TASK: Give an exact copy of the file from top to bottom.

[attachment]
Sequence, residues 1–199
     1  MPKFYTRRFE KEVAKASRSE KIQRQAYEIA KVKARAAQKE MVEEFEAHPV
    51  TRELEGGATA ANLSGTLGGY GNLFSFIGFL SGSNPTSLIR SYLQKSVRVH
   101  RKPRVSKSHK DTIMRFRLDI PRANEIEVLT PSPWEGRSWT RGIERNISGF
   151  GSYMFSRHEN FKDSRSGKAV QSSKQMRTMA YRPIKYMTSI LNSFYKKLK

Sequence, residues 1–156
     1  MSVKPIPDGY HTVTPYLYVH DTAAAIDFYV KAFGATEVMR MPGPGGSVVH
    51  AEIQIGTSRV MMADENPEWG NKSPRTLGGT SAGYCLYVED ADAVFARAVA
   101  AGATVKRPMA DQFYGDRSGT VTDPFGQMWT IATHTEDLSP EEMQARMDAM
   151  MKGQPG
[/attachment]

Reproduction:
Sequence, residues 1–199
     1  MPKFYTRRFE KEVAKASRSE KIQRQAYEIA KVKARAAQKE MVEEFEAHPV
    51  TRELEGGATA ANLSGTLGGY GNLFSFIGFL SGSNPTSLIR SYLQKSVRVH
   101  RKPRVSKSHK DTIMRFRLDI PRANEIEVLT PSPWEGRSWT RGIERNISGF
   151  GSYMFSRHEN FKDSRSGKAV QSSKQMRTMA YRPIKYMTSI LNSFYKKLK

Sequence, residues 1–156
     1  MSVKPIPDGY HTVTPYLYVH DTAAAIDFYV KAFGATEVMR MPGPGGSVVH
    51  AEIQIGTSRV MMADENPEWG NKSPRTLGGT SAGYCLYVED ADAVFARAVA
   101  AGATVKRPMA DQFYGDRSGT VTDPFGQMWT IATHTEDLSP EEMQARMDAM
   151  MKGQPG